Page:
|Idaho Fish and Game Conservation Officer Tom Whalen talks trout.|
|U of I Extension Water Educator Jim Ekins|
|I always love seeing former students in action as teachers. Molly McCahon, Lake *A*Syst coordinator for Bonner County Soil and Water Conservation, led a group discussion AFTER a distracting spider was removed from her outdoor classroom.|
|Because I was just passing through, I never caught the gist of this, but that license plate covered with all those shells kept students like Caleb (my next-door neighbor) in rapt attention as Megan Lawrence explained the situation.|
|A rather nice setting and a beautiful day to learn about water at Laclede's Riley Creek Campground.|
|This scene replicated the challenges for fish as they try to get upstream to spawn. Occasionally, there's a predator or two in the way.|
|Well-known Sandpoint nature lover Gail Lyster led a popular session about animal tracks.|
|Former Panida Theater manager Karen Bowers came along to help Gail.|
|After listening to some highlights about different classes of animal tracks, students went to work, adorning their personal bandanas with a wide variety of tracks.|
|My friend Ruby, a senior at Sandpoint High School, volunteered to help out with Waterfest.|
|With bandanas complete, students chose various ways to wear their finished product.|
|Students heard tidbits about mapmaker/explorer David Thompson and fur traders as they roamed the woods, directed by compasses.|
|And, a few fur traders showed up to tell about their experiences in the wild.|
|Beautiful Riley Creek Campground, perennial setting for the annual Waterfest, exhibited some added beauty yesterday as the bridal wreath is already in full bloom.|
I spent most of yesterday on the run and on the road. My sister Laurie invited me to the annual Waterfest at Riley Creek Campground in Laclede.
Yesterday was my first experience at the 20-year-old event which has numerous stations around the campground for elementary students to learn about water, its quality and its importance in our environment.
Last week I was impressed with the high quality of education that is imparted to students at the Idaho State Forestry Contest. Same is true with Waterfest. It's beyond impressive.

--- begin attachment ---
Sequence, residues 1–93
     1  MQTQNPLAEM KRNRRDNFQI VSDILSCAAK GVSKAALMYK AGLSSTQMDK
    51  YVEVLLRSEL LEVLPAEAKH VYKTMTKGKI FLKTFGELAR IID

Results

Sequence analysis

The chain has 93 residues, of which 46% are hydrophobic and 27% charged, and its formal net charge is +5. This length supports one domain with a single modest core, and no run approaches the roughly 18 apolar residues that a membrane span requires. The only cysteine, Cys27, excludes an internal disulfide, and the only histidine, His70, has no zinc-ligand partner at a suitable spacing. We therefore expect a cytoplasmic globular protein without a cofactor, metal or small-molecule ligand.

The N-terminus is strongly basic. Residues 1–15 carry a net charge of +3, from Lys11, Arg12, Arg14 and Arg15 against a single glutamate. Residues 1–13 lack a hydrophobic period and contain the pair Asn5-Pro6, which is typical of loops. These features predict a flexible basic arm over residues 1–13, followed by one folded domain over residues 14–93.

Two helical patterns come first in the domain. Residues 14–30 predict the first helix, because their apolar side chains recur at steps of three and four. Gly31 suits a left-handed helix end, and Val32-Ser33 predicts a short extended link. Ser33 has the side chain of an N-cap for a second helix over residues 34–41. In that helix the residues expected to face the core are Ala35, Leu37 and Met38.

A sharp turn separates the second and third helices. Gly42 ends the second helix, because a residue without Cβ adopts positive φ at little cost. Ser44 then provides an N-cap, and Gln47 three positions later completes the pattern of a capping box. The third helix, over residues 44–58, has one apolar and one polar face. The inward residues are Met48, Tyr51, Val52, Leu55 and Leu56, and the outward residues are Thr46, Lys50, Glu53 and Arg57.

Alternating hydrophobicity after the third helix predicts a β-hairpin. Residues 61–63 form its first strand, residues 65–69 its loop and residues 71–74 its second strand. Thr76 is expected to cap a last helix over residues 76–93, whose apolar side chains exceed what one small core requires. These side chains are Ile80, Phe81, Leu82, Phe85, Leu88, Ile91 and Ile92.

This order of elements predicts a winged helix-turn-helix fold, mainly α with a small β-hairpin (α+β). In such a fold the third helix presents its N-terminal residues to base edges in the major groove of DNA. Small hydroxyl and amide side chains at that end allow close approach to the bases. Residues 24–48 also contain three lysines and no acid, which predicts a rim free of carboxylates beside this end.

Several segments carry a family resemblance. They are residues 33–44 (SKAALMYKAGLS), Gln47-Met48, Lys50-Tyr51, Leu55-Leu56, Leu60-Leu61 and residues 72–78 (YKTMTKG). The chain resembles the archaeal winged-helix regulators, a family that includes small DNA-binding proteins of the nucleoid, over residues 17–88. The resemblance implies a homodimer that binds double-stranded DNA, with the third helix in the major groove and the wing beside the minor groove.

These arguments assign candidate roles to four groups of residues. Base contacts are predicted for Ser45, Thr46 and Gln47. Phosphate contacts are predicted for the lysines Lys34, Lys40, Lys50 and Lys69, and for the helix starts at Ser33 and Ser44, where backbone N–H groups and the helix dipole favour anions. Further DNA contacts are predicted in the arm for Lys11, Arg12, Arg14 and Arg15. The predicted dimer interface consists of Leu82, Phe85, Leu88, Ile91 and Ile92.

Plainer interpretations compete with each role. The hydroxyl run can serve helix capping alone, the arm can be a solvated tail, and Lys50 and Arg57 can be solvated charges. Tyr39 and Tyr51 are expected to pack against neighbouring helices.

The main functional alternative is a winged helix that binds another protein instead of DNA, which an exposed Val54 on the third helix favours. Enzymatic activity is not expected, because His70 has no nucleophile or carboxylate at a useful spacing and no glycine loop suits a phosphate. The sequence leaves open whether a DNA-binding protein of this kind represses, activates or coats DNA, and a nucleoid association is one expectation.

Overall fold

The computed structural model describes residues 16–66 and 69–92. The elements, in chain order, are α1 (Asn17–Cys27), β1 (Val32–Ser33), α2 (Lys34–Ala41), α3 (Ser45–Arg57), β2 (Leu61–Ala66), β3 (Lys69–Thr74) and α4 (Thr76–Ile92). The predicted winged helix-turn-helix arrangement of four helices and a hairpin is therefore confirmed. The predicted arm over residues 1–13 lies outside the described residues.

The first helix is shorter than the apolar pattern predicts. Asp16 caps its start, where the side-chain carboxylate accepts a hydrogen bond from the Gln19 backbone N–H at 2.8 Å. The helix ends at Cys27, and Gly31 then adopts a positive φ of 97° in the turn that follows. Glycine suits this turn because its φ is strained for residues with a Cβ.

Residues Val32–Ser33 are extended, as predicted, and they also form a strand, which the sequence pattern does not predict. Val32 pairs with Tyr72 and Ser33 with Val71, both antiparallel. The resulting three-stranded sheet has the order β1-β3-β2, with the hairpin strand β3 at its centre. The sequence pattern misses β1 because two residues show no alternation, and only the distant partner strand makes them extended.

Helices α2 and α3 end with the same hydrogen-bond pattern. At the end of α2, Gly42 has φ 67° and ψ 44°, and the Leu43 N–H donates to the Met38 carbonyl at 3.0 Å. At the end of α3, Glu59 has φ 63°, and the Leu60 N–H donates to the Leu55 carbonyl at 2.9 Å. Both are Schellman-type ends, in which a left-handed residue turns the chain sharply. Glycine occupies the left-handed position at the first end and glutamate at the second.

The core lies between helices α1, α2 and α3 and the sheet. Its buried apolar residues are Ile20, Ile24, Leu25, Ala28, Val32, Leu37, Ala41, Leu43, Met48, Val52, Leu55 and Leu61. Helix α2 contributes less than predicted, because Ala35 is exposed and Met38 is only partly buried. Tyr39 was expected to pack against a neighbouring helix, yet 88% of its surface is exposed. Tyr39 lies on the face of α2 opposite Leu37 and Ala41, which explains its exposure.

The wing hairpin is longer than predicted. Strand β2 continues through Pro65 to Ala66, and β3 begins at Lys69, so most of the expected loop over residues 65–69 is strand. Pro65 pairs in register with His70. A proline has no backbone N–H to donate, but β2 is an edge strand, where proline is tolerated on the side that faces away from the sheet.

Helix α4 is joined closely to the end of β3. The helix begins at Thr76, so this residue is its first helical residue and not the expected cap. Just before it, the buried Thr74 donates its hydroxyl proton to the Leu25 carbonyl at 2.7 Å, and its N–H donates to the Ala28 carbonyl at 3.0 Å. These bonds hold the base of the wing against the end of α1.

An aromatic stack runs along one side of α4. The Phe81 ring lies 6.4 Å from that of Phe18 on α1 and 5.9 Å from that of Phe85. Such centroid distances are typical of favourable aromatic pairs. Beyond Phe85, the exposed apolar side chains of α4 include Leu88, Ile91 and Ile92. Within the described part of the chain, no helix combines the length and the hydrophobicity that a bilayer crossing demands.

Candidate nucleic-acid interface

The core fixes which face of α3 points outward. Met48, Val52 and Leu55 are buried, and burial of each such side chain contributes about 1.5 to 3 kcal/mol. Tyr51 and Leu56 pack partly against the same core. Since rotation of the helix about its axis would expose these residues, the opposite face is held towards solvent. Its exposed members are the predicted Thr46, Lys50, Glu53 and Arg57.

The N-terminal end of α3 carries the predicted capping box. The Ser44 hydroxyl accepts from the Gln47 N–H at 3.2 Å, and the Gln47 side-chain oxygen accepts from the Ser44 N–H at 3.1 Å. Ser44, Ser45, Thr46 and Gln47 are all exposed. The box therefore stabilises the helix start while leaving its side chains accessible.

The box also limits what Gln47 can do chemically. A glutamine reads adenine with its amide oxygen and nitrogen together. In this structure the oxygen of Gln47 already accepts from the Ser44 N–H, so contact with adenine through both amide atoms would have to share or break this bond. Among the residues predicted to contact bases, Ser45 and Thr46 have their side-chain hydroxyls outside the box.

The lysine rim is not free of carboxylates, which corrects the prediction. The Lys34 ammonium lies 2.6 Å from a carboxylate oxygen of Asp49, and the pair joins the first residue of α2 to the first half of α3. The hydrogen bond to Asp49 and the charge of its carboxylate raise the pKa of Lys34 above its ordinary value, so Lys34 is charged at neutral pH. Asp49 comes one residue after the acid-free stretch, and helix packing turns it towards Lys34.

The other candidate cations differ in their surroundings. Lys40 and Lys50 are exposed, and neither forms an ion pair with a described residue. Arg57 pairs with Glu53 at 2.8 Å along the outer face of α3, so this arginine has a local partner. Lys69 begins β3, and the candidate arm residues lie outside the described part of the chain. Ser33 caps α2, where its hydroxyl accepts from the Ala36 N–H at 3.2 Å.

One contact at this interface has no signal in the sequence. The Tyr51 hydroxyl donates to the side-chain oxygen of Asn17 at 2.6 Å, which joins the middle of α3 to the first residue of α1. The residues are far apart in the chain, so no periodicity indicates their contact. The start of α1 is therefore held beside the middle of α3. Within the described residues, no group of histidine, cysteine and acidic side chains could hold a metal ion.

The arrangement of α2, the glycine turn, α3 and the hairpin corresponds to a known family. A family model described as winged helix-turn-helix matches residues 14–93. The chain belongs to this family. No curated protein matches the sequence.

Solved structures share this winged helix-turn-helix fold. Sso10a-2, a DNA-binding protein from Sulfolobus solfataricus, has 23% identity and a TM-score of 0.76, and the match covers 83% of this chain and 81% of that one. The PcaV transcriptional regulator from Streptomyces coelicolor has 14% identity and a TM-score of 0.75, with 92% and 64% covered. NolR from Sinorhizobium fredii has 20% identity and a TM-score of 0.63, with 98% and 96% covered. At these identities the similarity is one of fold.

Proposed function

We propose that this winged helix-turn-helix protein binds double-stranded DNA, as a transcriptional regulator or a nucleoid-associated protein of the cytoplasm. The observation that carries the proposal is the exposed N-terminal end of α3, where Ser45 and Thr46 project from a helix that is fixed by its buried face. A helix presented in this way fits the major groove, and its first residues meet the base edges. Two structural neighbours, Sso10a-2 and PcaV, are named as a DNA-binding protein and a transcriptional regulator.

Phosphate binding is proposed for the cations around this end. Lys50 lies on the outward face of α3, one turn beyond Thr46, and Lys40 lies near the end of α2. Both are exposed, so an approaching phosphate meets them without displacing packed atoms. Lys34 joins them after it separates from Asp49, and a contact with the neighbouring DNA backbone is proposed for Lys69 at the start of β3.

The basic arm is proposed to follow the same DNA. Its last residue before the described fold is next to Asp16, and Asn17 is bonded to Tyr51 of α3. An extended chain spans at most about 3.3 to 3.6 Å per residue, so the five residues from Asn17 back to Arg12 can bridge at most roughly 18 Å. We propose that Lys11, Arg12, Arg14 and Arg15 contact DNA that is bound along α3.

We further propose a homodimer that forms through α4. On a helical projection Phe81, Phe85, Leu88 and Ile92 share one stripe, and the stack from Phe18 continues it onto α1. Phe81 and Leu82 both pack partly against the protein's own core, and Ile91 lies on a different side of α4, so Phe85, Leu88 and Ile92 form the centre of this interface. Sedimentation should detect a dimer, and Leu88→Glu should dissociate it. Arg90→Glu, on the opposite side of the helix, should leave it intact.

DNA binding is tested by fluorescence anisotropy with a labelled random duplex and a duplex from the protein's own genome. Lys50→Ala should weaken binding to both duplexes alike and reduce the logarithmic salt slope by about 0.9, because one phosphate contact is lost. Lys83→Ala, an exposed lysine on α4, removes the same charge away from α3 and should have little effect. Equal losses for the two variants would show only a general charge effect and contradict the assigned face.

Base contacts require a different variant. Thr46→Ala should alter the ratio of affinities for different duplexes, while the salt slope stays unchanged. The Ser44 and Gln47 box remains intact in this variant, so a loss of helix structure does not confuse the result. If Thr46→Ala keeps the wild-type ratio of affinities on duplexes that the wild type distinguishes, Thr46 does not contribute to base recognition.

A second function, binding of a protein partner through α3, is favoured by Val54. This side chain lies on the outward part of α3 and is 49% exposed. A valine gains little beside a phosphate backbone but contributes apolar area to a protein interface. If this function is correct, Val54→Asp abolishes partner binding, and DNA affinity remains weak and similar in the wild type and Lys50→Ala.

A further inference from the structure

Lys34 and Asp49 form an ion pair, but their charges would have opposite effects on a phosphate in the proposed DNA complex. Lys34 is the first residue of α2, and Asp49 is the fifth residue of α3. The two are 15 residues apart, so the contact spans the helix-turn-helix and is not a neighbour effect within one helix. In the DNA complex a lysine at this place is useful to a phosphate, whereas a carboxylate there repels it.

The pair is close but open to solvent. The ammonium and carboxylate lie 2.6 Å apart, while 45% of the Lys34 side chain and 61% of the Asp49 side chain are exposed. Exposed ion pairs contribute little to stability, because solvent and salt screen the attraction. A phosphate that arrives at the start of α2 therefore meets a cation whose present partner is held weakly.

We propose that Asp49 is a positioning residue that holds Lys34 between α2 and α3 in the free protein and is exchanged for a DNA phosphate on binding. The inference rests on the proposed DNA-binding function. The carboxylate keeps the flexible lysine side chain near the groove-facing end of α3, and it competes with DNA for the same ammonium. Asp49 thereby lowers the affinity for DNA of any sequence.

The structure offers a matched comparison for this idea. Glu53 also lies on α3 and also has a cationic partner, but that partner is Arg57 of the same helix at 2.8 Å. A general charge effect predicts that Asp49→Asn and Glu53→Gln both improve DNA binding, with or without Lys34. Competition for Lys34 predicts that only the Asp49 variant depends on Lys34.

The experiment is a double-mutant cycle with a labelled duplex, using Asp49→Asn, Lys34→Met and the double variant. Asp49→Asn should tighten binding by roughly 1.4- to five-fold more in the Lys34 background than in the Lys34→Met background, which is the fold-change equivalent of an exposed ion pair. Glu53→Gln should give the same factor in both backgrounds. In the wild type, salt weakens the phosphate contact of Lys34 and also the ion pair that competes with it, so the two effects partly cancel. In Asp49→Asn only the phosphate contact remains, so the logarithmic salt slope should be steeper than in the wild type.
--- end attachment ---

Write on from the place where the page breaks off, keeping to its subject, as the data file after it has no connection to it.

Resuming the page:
In both cases, many students have been prepped in their regular classrooms for several months leading up to the day of outdoor education. Instructors provide hands-on approaches to concepts learned, and from what I saw yesterday, the event provides a great day of fun for the students and their instructors AND for a visiting photographer.
I had to leave Waterfest early for an appointment with Ken, my new investment counselor.
I learned a little more about investments and that he and another longtime staff member from Edward Jones on Pine Street will soon be moving to the new office complex in Ponderay across from Sand Creek Conoco at the Schweitzer stoplight.
With a Starbucks also moving into that complex, that's gonna be pretty handy for me.
After that meeting, I headed home to do some quick projects and change clothes for the PAFE reception where recipients in the local teaching profession and POAC received 52 grants for educational enrichment projects next year.
My sister Barbara and Willie received a grant for the journalism convention trip next year, Debbie accepted two grants for POAC, including the Kaleidoscope program and my sister Laurie accepted a grant, which she coordinated with Debbie, Barbara and my niece Laura.
Later, special awards were given, and that caught Laurie offguard because their grant to bring in a Native American cultural speaker and dancers for a special day next school term won a beautiful plaque honoring the memory of Betty Ann Diehl, who was a great proponent of and contributor to the arts in Sandpoint.
Pretty neat program, to say the least, and I know family members are pretty proud and happy about these grants.
So, we went to dinner to celebrate. That involved another trip home and another change of clothes. The day finally ended around 9 p.m. but with a feeling of satisfaction about the day and about the tremendous educational opportunities here in our area. The future looks great.